How to efficiently convert carbon dioxide from air to methanol fuel

A twofer: sustainable fuel source from greenhouse gas emissions
February 3, 2016

The carbon dioxide-to-methanol process (credit: Surya Prakash)

Researchers at the University of Southern California (USC) Loker Hydrocarbon Research Institute have created fuel out of thin air — directly converting carbon dioxide from air into methanol at relatively low temperatures for the first time. While methanol can’t currently compete with oil, it will be there when we run out of oil, the researchers note.

The researchers bubbled air through an aqueous solution of pentaethylenehexamine (PEHA), adding a Ru-Macho-BH ruthenium catalyst to encourage hydrogen to latch onto the CO2 under pressure. They then heated the solution, converting 79 percent of the CO2 into methanol.

Though mixed with water, the resulting methanol can be easily distilled, said G.K. Surya Prakash, professor of chemistry and director of the Loker Hydrocarbon Research Institute.

Proposed reaction sequence for CO2 capture and in situ hydrogenation to methanol (credit: J. Kothandaraman et al./Journal of the American Chemical Society)

Scaling up

Methanol (aka “wood alcohol” or “rubbing alcohol”) is attractive because it can be directly used as a clean-burning liquid fuel for internal combustion engines and for fuel cells. It’s also a hydrogen storage medium and a chemical feedstock for producing a myriad of chemicals and products, including ethylene and propylene. It’s one of the most important building blocks in the chemical industry, with an annual production of more than 70 million tons.

The research is part of a broader effort to use renewable energy to transform greenhouse gas into its combustible form —  attacking global warming from two angles simultaneously.

Prakash and Olah hope to refine the process to the point that it could be scaled up for industrial use within five to 10 years. “Of course it won’t compete with oil today, at around $30 per barrel,” Prakash said. “But right now we burn fossilized sunshine. We will run out of oil and gas, but the sun will be there for another five billion years. So we need to be better at taking advantage of it as a resource.”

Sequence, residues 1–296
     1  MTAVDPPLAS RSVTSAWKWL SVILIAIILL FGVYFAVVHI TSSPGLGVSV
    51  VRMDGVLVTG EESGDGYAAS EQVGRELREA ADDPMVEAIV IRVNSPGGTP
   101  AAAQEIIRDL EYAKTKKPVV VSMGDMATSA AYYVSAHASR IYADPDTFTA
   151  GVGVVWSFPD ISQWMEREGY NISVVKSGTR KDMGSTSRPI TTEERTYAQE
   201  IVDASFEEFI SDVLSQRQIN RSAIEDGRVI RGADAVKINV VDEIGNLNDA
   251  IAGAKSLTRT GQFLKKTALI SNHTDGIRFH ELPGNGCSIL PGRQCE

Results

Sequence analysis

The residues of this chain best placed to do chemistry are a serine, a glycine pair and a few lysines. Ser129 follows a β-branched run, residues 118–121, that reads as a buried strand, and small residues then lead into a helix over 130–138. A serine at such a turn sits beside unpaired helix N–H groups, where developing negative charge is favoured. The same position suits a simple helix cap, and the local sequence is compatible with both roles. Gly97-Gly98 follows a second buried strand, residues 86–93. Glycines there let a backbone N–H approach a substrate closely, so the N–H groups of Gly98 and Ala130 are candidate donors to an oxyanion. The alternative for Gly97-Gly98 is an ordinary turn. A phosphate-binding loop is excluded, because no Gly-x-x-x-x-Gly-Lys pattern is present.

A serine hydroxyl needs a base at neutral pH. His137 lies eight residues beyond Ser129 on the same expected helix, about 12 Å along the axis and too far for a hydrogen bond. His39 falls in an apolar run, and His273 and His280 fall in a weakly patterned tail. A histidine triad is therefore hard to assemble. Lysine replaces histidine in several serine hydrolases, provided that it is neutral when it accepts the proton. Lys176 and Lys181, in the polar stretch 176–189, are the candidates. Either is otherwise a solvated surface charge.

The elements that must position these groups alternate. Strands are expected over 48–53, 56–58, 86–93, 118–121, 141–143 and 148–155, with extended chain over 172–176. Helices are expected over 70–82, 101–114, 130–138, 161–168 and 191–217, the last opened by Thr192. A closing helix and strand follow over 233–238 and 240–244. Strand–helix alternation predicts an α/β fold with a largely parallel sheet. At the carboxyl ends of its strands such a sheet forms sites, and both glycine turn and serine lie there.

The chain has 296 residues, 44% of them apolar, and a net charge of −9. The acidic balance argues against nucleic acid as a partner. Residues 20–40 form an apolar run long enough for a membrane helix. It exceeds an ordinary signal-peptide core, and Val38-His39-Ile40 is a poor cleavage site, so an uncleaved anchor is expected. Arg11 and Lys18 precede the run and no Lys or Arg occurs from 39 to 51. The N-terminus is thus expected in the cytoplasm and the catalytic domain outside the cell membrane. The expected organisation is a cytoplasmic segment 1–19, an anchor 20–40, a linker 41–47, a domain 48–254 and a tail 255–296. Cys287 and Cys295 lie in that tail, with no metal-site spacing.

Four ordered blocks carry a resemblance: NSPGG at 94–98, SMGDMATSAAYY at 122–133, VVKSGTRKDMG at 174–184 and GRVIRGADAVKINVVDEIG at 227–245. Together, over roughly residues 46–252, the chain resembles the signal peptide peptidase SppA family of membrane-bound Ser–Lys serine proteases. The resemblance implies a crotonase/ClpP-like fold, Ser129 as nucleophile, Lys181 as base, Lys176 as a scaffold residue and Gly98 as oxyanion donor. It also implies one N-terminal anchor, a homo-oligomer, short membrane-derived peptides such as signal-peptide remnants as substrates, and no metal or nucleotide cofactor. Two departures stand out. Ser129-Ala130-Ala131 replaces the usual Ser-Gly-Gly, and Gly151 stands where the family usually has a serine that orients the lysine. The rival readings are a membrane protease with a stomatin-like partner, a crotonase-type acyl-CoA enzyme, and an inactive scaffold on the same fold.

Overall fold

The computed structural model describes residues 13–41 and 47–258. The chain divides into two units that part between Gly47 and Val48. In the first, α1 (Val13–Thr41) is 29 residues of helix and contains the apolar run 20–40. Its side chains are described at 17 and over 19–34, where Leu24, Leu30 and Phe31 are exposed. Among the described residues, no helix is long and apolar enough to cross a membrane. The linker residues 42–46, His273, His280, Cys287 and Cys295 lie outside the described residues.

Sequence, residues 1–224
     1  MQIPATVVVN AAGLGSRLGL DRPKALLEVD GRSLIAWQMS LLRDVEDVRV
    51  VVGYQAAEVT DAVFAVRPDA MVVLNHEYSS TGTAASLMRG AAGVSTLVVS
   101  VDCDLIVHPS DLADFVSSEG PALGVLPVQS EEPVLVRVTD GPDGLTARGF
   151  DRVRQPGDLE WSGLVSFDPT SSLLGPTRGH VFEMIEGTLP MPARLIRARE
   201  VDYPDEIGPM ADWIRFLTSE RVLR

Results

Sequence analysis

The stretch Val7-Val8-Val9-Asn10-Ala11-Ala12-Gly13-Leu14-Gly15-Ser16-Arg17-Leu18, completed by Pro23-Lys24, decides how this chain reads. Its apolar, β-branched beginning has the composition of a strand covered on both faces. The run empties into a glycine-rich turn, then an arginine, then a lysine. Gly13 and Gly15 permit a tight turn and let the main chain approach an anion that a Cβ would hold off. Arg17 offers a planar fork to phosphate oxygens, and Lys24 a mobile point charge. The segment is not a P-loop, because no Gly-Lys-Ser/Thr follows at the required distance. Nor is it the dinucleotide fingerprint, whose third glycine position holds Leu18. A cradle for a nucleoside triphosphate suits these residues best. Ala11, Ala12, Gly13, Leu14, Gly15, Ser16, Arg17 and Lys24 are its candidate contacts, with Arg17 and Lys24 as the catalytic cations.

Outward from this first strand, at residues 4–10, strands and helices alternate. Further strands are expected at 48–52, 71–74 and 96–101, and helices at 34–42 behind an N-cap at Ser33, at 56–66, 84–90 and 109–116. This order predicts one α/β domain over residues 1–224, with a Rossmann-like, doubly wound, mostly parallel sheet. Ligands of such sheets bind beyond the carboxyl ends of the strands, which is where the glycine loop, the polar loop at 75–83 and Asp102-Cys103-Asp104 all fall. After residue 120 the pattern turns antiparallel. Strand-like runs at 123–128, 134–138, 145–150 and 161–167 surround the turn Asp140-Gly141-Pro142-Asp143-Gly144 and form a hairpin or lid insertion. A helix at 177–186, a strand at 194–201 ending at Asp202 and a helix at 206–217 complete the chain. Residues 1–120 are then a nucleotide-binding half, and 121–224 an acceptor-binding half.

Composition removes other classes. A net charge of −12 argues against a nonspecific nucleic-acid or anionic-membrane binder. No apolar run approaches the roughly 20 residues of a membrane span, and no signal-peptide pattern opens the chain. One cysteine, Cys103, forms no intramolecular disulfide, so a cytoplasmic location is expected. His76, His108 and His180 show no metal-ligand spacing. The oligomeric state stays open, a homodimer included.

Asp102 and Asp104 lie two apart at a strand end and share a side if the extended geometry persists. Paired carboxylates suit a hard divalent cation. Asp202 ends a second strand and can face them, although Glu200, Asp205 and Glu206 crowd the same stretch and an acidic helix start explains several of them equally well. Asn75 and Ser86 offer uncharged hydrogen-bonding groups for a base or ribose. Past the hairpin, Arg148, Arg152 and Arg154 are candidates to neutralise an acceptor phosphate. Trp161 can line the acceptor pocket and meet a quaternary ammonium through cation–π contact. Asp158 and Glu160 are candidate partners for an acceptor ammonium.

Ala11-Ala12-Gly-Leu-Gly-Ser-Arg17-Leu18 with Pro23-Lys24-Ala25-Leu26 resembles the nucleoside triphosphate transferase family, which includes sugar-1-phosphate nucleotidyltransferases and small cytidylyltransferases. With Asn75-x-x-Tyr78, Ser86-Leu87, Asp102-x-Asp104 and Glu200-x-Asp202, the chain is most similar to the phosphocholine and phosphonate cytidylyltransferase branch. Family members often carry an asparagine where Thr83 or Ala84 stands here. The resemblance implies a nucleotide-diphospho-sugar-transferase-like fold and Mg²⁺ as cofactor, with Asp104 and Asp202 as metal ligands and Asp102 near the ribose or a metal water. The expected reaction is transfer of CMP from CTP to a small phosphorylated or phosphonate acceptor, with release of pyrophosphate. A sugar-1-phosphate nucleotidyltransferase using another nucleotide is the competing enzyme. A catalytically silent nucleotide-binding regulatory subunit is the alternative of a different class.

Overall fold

Lower temperatures

Previous efforts have required a slower multistage process with the use of high temperatures and high concentrations of CO2, meaning that renewable energy sources would not be able to efficiently power the process.

The new system operates at around 125 to 165 degrees Celsius (257 to 359 degrees Fahrenheit), minimizing the decomposition of the catalyst — which occurs at 155 degrees Celsius (311 degrees Fahrenheit). The system uses a homogeneous catalyst, making it a quicker “one-pot” process. In a lab, the researchers demonstrated that they were able to run the process five times with only minimal loss of the effectiveness of the catalyst.

The new process was published in the Journal of the American Chemical Society on Dec. 29. The research was supported by the USC Loker Hydrocarbon Research Institute.

Abstract of Conversion of CO2 from Air into Methanol Using a Polyamine and a Homogeneous Ruthenium Catalyst

A highly efficient homogeneous catalyst system for the production of CH3OH from CO2 using pentaethylenehexamine and Ru-Macho-BH (1) at 125–165 °C in an ethereal solvent has been developed (initial turnover frequency = 70 h–1 at 145 °C). Ease of separation of CH3OH is demonstrated by simple distillation from the reaction mixture. The robustness of the catalytic system was shown by recycling the catalyst over five runs without significant loss of activity (turnover number > 2000). Various sources of CO2 can be used for this reaction including air, despite its low CO2 concentration (400 ppm). For the first time, we have demonstrated that CO2 captured from air can be directly converted to CH3OH in 79% yield using a homogeneous catalytic system.